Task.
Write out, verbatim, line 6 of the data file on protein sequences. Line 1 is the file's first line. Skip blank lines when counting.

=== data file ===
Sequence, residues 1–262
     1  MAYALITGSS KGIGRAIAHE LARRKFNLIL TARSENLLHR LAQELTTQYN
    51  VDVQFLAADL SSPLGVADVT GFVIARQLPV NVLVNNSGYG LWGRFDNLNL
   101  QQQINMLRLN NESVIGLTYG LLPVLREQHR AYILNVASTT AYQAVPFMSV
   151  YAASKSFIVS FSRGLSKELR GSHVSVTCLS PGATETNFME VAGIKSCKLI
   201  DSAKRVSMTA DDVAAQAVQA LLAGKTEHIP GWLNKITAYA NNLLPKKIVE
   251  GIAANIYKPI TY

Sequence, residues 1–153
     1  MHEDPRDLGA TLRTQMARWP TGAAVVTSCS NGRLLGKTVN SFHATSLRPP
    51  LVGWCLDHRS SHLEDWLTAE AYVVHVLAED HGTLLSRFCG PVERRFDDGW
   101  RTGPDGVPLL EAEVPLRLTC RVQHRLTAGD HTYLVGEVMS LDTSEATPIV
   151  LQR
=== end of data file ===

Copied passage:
   201  DSAKRVSMTA DDVAAQAVQA LLAGKTEHIP GWLNKITAYA NNLLPKKIVE